The body feature that differentiates carpenter ants from flying termites is their narrow thorax. Termites have a wide thorax and broad waist, to the extent that they look like they have two body parts. On the other hand, Carpenter ants have the typical insect look, with three distinct body parts.
While flying termites have straight antennae, carpenter ants have curved antennae. Looking at the damage also helps to determine the type of insect. Carpenter ants build smooth tunnels and often leave shredded wood behind. The tunnels built by termites are rougher in texture.
Carpenter ants normally enter the home through crevices in the door, window, or other openings. They burrow into moist, damaged wood and build their colony. By the time you have a swarm of carpenter ants, the infestation has been going on for a while. Carpenter ants also have strong jaws for biting when threatened.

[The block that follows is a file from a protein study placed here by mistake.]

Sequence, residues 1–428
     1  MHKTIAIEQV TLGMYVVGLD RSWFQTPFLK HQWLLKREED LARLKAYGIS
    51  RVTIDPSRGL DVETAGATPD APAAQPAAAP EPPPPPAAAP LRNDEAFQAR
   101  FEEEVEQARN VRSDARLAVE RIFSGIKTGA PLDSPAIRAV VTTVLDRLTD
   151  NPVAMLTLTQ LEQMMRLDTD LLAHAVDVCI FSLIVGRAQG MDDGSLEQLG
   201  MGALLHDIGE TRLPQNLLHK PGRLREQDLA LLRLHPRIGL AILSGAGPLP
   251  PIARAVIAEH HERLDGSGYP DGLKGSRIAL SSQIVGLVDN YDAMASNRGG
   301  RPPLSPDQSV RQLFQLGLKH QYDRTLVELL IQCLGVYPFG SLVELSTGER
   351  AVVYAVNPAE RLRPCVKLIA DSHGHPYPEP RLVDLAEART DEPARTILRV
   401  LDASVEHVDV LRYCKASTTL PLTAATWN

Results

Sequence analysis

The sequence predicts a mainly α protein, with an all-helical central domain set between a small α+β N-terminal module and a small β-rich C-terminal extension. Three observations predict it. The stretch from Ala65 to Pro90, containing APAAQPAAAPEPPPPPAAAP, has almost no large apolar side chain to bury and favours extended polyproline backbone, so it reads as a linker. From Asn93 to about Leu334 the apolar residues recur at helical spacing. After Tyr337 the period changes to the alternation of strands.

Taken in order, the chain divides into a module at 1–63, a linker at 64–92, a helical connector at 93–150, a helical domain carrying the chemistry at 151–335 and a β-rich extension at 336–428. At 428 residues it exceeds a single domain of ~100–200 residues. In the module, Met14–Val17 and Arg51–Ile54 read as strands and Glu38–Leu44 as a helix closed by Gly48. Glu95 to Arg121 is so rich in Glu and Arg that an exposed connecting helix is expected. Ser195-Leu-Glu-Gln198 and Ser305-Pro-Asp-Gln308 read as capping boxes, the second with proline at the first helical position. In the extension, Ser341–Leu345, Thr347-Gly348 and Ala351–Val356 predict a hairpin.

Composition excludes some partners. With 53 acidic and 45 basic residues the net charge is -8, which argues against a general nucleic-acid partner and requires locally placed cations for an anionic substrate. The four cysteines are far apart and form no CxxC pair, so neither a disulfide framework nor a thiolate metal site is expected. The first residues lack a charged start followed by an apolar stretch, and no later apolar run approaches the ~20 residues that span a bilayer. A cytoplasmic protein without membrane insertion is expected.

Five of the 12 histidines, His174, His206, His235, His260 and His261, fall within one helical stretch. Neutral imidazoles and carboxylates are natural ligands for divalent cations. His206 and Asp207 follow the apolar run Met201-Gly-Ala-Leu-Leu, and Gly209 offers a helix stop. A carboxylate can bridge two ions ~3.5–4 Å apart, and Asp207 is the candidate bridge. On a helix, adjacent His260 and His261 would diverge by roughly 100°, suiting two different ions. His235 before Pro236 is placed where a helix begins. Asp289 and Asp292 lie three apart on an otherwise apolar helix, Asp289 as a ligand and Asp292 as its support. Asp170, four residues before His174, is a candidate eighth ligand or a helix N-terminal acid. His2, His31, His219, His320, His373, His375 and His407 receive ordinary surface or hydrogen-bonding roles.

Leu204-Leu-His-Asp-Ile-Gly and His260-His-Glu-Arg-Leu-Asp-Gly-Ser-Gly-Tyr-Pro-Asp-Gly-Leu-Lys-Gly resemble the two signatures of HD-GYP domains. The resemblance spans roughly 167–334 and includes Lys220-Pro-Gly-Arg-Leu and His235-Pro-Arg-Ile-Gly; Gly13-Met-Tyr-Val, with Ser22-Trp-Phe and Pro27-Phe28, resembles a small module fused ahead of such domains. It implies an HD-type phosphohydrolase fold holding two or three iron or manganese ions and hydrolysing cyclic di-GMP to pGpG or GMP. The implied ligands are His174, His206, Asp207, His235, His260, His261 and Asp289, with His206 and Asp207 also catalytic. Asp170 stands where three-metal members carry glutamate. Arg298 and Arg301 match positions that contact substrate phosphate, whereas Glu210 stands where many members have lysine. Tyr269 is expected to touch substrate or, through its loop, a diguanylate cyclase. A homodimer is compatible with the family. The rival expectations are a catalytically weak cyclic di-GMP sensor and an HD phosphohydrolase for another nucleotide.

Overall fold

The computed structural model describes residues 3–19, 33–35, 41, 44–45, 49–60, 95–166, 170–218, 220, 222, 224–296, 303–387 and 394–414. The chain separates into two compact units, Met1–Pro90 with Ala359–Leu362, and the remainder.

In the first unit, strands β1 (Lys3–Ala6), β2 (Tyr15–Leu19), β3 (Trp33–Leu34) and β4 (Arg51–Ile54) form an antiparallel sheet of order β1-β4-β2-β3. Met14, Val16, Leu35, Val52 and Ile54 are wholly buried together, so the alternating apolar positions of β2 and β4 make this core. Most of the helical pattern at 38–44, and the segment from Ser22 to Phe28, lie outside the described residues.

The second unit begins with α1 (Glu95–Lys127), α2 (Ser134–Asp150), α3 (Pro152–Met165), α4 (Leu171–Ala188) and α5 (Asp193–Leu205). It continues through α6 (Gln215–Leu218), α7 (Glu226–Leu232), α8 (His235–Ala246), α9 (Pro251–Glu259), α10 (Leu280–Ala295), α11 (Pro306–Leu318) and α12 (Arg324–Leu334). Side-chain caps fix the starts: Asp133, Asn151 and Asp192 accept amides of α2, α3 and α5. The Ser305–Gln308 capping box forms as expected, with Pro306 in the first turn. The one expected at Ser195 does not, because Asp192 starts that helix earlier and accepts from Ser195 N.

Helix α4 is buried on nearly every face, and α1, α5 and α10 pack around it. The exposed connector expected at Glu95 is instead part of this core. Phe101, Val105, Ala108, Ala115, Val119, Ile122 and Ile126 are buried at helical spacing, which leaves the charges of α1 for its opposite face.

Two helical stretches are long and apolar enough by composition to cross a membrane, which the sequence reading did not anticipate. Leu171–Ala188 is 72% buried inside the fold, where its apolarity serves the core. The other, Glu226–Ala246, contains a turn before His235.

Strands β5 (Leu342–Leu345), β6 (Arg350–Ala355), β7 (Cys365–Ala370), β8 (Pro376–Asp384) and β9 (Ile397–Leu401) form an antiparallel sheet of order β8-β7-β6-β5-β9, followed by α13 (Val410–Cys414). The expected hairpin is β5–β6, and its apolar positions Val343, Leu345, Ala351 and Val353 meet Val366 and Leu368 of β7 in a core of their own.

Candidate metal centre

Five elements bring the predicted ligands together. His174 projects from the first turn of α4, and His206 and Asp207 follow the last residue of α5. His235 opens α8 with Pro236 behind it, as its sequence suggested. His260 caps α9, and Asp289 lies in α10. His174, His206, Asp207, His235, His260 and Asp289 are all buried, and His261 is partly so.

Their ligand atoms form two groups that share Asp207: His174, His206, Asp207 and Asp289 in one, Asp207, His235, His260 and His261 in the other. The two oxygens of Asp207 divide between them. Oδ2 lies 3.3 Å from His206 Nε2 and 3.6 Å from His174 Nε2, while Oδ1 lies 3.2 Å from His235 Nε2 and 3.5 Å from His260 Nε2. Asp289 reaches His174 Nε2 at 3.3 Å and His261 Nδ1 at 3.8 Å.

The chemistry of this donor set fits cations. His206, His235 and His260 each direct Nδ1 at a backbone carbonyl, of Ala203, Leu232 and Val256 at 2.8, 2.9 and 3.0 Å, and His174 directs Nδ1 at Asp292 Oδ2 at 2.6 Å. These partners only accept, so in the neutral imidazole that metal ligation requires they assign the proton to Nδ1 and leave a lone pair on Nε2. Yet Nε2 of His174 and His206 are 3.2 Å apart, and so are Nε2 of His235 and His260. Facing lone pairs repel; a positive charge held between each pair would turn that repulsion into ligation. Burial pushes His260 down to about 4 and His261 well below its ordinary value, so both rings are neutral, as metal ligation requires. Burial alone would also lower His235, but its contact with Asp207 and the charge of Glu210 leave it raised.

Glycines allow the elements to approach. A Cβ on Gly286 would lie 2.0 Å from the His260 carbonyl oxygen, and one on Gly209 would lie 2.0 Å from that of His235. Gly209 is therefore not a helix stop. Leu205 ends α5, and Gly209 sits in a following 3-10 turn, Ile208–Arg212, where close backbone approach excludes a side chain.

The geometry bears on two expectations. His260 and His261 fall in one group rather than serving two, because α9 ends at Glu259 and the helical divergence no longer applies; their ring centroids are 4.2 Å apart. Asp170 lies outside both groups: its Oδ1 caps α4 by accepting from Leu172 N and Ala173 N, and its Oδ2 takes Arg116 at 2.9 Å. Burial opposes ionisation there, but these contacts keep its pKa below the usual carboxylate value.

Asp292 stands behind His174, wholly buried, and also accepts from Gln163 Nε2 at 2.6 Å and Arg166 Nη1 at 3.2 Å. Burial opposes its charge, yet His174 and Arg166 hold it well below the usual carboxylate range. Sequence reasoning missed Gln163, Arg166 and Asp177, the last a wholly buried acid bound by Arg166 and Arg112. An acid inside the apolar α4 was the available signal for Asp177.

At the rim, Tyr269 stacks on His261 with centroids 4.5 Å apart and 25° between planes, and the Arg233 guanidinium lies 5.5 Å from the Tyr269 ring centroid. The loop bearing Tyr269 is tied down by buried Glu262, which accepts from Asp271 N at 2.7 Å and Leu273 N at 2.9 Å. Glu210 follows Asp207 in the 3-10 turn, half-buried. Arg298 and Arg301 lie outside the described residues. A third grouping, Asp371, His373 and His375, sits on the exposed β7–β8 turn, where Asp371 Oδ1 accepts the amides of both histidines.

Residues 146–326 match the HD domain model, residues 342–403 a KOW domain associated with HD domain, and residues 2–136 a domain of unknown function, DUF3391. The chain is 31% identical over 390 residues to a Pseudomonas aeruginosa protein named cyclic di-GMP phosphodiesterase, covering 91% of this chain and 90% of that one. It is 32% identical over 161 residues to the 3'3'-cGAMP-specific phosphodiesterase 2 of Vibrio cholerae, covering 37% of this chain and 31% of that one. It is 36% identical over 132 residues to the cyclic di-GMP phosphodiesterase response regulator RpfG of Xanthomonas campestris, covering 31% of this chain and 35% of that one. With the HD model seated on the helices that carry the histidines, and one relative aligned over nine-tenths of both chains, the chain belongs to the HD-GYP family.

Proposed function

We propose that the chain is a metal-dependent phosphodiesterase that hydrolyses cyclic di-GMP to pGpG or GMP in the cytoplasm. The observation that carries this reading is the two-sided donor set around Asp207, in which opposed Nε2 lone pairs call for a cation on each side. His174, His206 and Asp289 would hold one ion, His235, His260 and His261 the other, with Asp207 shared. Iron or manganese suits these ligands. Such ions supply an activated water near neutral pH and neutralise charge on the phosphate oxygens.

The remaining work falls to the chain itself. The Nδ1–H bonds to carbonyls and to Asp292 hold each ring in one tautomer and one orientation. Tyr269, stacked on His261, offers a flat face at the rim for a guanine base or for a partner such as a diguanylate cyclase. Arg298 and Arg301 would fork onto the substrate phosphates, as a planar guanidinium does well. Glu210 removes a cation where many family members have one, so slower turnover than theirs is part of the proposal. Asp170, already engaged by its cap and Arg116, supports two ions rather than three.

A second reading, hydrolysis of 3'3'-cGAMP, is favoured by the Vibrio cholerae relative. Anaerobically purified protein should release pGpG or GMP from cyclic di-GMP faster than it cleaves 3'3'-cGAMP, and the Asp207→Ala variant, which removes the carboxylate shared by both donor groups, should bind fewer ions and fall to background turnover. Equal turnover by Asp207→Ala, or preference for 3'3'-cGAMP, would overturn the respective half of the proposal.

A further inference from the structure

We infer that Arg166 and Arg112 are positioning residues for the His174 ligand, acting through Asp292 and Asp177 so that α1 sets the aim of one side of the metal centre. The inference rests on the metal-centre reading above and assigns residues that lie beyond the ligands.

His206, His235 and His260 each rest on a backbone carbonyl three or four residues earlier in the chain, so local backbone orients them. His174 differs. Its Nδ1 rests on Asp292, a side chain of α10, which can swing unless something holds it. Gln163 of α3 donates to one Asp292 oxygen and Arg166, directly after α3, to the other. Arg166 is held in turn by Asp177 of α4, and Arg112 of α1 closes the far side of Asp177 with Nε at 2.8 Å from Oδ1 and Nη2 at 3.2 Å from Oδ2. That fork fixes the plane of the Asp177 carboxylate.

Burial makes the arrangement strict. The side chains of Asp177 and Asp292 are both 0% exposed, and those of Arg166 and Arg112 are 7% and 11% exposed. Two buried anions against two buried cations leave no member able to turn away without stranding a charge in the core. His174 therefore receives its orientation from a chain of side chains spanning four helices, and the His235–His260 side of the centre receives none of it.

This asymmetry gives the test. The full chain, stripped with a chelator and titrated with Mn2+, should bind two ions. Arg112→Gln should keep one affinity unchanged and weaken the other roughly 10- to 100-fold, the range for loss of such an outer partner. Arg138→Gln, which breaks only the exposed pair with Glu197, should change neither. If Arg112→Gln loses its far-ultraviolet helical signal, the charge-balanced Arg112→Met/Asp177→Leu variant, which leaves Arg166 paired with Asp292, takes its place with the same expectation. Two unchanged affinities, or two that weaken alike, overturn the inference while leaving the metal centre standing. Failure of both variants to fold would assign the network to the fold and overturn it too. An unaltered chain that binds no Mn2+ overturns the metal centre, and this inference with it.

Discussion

2. Acrobat Ants
Acrobat ants are typically smaller than other insects, with a narrow thorax heart-shaped abdomen that takes up much of their body size. They also have two curved antennae and two pairs of wings; the front pair is longer than the back pair. They carry the hind portion of their abdomen above the rest of the body, hence the name.
Acrobats do not bore their own tunnels. They often take up space in areas previously inhabited by other pests. These ants like nesting in moist wood and insulation. They are mostly found outdoors, but sometimes you can find them indoors. Since they’re found inside hollow walls, people often mistake them for termites.
Acrobat ants don’t cause much damage, as they don’t bore through the wood to make their own tunnels. However, they can raise issues with electrical wiring, as they often use wires and pipes as openings to get into the house.
3. Carpenter Bees
The number one reason people mistake carpenter bees for termites is they tunnel into wood structures and create holes that look like termites’ kick-out holes. One look at the actual insect, and you can tell this is no termite.
Carpenter bees resemble bumblebees, but they don’t have stripes. Instead, they have a round, chubby black body that’s often shiny with yellow fur on the thorax. They live independently, so you’ll only see one at a time, unlike termites which live in colonies.